Invaders of Lake Superior
You may have heard about the risks when consuming fish and seafood due to mercury concentrations in their tissues, but one fish that you may not have considered is the invasive sea lamprey (Petromyzon marinus). Present in the great lakes since the 1940s, sea lamprey are parasitic jaw-less fish that have a single reproductive phase before death. Larvae hatch from the lamprey eggs and burr
ow into the bottom sediment of their spawning stream where they filter feed for 3-7 years before returning to the lake or sea in a parasitic phase lasting 1-2 years. Once they have reached sexual maturity, the lamprey return to streams and rivers to spawn and their life cycle is complete.
A Great Lakes Indian Fish & Wildlife Comission (GLIFWC) administrative report by environmental biologist Sara Moses provides new detailed information about mercury in Lamprey through their life stages and a first estimate of how much mercury they are capable of moving between Lake Superior and the streams around it.
The Results are Shocking
The study, conducted by the GLIFWC with the University of Wisconsin, measured changes in mercury concentrations throughout the three life stages–eggs, larvae and adults–of lamprey sampled from tributaries leading to Lake Superior in Michigan and Wisconsin. The mercury levels were high at every life stage.
For example, adult lamprey had ten times the mercury levels found in trout, the lamprey’s preferred food source. Mercury concentrations may be so high in adult lamprey because they are parasitic, attaching to a host and feeding off their blood and bodily fluids for 1-2 years before spawning. They prefer large trout which are more likely to have higher mercury levels and which have been shown to carry more mercury in their blood than in other tissues.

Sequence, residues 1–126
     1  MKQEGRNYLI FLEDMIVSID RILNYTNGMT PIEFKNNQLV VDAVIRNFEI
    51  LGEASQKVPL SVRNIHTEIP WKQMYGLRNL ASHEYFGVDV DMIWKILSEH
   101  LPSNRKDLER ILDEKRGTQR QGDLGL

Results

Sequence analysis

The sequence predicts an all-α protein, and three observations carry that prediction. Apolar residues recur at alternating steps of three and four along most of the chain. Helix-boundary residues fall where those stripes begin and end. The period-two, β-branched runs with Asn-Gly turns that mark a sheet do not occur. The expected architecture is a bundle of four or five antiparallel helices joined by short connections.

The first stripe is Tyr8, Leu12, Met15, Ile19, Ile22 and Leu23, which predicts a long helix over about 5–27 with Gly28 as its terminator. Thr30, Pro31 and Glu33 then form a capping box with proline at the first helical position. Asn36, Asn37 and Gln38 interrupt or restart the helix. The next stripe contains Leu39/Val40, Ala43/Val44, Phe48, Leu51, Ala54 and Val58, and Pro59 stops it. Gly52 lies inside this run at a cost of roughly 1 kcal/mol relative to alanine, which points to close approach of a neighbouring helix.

Adult lamprey had the highest mean mercury levels of 3.01μg/g, followed by eggs at 0.942μg/g, and larvae with the lowest mean of 0.455μg/g. For context, Canadian and US guidelines recommend that fish exceeding 0.5μg/g and 0.3μg/g, respectively, are not suitable for human consumption.
What this means for the Great Lakes ecosystem
Although lamprey may be considered a delicacy elsewhere, consumption of these creatures is rare in the Lake Superior area. The greater risk is to wildlife who feed on the lamprey and their larvae and eggs. The mercury concentrations measured by this study in all eggs and adult lamprey as well as in most larval lamprey exceeded the upper threshold for mercury concentration criteria for fish-eating wildlife set by the U.S. Environmental Protection Agency (EPA).
After spawning, adult lamprey die at the spawning location and mercury is released from their bodies, mainly as methylmercury. As a result, they contribute significantly to the transportation of mercury between the lake and surrounding rivers in the Superior Basin. Sara Moses suggests that based on 2015 spawning lamprey population estimates of ~80,000 and the mean lamprey mass and mercury concentrations determined in the GLIFWC study, the spawning migration of adult lamprey transports 49.1g of like-derived mercury to the spawning streams annually.
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